Journey To The Center Of The Earth

Trip Start Jul 16, 2012
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Trip End Ongoing


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Flag of Lao Peoples Dem Rep  , Khammouan,
Thursday, April 25, 2013

After a brief overnight stay in Vientiane were on the move again, unfortunately things did not start well this morning and Tim woke up with a bad stomach. Usually this would not be a problem and we would put our plans on hold, but we were headed halfway across the country on a 7 hour bus to the village of Kong Lor.  Out came the medical kit and the immodium instants, lets put this one hour promise to the test shall we?

Thankfully I can confirm that Immodium does indeed work within an hour and other than having clenched bum cheeks and a very nervous feeling for the entire journey, Tim made it all the way to Kong Lor without incident, phew.

The bus was a local bus, but there were a fair few farangs on it.  The local buses are quite comfortable, but they are distinctly lacking in air-conditioning and so we spent 7 and a half hours with the windows open getting blown around and dusty.  The road to Kong Lor was vastly straighter and nicer than the road to Phonsavan which was a huge relief. 

We knew that Kong Lor village was going to be small, but we were amazed at just how small, it was literally one road, with 4 guesthouses and two restaurants on one side and the rest of the village was made up of tobacco fields.  There were cows, water buffalo and chickens just roaming the street, in fact I think that there were more animals than people.

We had read a million reviews about going to Kong Lor and everyone made the journey sound terrible, so we were hugely relieved to have got their on one fairly comfortable bus.  We headed up the road to our guesthouse and after a game of charades with the staff who seemingly didn't have any idea of the concept that we had pre-booked a room, eventually we were presented with a key.

The room was basic but the view from the outside balcony was amazing, we were in a valley with mountains towering over each side and as far as the eye could see to the mountains were tobacco fields and the odd smokehouse for drying the leaves.  This was definitely remote and as off the beaten track as you can hope to get without having a local guide to hold your hand.  Seemingly the only other foreigners in Kong Lor were from the Stray Bus, a company which basically ferrys you around Laos holding your hand, it was as we suspected filled with posh little girls who were on their gap year and daddy had paid for them to go on a bus around Laos so they could make their way to Thailand to the Full Moon Party.  Oh boy was I glad we were not on that bus!!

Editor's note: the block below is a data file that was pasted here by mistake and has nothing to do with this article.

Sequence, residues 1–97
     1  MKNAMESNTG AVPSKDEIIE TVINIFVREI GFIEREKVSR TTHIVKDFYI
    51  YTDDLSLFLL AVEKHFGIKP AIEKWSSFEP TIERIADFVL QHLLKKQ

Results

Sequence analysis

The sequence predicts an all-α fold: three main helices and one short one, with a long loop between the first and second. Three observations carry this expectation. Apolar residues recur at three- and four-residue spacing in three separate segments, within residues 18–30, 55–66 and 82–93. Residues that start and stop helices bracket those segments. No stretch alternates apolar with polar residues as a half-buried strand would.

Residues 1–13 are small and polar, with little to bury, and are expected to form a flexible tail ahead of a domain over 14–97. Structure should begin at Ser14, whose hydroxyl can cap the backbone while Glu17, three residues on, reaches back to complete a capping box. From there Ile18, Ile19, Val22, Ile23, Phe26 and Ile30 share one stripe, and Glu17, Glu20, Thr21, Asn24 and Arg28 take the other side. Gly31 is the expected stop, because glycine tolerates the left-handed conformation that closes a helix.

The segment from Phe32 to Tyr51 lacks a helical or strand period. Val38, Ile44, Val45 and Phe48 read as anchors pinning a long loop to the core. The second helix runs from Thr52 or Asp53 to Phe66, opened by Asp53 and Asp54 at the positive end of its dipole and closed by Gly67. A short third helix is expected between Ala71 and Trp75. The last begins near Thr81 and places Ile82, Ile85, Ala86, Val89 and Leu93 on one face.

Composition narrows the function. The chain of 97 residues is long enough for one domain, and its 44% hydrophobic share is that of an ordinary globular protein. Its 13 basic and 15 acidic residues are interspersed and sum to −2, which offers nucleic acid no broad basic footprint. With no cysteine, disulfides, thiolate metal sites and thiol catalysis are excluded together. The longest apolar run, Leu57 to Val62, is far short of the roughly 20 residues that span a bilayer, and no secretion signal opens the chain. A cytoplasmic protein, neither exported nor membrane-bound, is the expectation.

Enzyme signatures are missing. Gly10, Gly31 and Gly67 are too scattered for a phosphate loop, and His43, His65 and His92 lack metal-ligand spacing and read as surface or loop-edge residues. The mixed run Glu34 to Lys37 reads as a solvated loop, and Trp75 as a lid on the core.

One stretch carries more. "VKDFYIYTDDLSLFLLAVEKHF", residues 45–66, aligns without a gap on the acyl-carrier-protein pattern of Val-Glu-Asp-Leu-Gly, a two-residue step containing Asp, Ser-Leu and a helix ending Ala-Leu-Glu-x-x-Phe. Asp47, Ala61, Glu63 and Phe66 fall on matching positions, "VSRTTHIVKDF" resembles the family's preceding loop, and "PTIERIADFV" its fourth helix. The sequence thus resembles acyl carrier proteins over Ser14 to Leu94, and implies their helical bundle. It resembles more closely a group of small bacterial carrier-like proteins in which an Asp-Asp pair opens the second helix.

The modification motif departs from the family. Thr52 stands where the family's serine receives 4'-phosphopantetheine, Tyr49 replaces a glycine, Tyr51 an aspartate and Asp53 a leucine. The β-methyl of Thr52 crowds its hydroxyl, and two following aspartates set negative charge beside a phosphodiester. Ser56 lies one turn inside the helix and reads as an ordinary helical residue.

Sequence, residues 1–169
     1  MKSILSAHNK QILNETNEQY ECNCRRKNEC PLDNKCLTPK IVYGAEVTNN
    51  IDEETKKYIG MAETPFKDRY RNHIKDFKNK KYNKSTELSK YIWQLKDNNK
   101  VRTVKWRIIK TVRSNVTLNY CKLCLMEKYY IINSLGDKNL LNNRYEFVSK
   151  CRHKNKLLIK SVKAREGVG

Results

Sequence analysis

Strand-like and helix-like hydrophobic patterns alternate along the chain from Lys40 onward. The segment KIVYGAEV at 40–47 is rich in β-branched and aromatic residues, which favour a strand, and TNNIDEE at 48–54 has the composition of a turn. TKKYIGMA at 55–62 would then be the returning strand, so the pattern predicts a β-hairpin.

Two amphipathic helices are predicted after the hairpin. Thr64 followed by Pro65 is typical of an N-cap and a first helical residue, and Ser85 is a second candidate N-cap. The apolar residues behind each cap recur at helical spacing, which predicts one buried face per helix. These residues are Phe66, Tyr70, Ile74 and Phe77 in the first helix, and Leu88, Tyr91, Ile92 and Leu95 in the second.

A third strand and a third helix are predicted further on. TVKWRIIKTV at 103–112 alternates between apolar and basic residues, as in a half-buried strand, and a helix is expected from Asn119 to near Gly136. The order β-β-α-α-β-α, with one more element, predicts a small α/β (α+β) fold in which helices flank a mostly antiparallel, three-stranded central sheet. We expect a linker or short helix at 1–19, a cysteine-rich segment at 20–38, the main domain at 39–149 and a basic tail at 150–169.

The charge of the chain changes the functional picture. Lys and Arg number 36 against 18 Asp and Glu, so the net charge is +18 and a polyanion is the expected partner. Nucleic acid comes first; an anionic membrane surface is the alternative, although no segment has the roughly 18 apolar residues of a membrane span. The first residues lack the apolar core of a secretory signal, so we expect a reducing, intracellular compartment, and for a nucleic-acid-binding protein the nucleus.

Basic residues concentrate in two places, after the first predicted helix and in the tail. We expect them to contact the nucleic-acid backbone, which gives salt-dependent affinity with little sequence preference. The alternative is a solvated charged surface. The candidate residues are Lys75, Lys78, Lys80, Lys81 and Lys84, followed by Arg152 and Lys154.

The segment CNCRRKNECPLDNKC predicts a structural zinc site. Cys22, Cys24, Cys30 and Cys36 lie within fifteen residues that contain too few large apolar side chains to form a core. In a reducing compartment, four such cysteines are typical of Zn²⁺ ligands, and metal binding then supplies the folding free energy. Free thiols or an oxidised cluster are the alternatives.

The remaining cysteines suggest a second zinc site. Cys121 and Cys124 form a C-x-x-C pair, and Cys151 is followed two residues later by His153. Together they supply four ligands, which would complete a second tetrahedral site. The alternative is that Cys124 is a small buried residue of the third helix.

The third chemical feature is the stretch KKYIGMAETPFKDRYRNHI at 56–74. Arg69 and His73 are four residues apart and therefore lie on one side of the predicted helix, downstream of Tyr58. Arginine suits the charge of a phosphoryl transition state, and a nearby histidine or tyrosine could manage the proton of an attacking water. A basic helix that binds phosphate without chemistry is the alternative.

With Tim’s stomach not 100% we skipped dinner that night and had an early night ready to visit the only attraction in the village and the reason that we spent 7 hours on a local bus, Kong Lor Cave!

That night it really hit home just how remote we were, as we laid trying to sleep all you could hear was a deafening screech of cicadas, grasshoppers and every other bug like critter that likes to chat to the moon.  Seemingly we also had a family of bull frogs out side our room, I actually quite liked listening to their gentle 'Moo’ over the screeching bugs.  Just as I had dozed off their was that familiar sound of a rumble and a clap and another and another.  The storm rolling in was deafening as it echoed through the mountains.  Next came the rain, so heavy it was splashing us through the vented windows.  This was one hell of a storm and left Tim and I snuggled under the duvet with pillows on our heads hoping it stopped soon.

Thankfully our little wooden guesthouse survived the night and we were awoken as the sun came up by the chickens and cockerels; nothing like an early morning wake up call.

So we set off down the road to the Kong Lor cave, we didn’t know much about this cave other than it is a two hour round trip on a longtail boat through the mountain and back.  As we got closer there were plenty of people hanging around with life jackets and oars so it was safe to say we were in the right place.  We paid for our ticket and followed our boat man down to the cave.  The entrance to the cave was really pretty, just a small dark entrance in the huge cliff surrounded by lush green trees.  Before we knew it we were in the boat in the pitch black steaming through the cave.  Our drivers had head torches and seemingly an uncanny ability to see in the dark as I could not see a single thing.  A couple of minutes into the journey we pulled up at a sandbar and got out of the boat and walked through a section of the cave that has been lit up to show the huge stalagmites and stalagtites.  Then it was back in the boat to continue our journey into the unknown.  As it was the end of the dry season the river was at its lowest so at a few places the driver had to either accelerate through the shallow sections and hope for the best or we had to unload and the drivers dragged the boat into deeper water.  This was all going well until I got out of the boat and immediately slipped and fell in absolutely soaking myself and all my belongings, thankfully my bag was slightly waterproof or it would have been the end of my camera.  With nothing more than wet shorts and a bruised pride we carried on.  Eventually we saw daylight and popped out of the cave the other side.  We moored up and got out and had a drink at some little stalls on the riverbank and then headed back to the boat.  Both we and the boats were wet and wobbly and despite my earlier fall I made it safely to my seat.  Tim on the other hand slipped as he stepped onto the boat and made a spectacular fool of himself landing on his bum on the muddy bank, my first instinct was to ensure I got a photo, such a bad wife!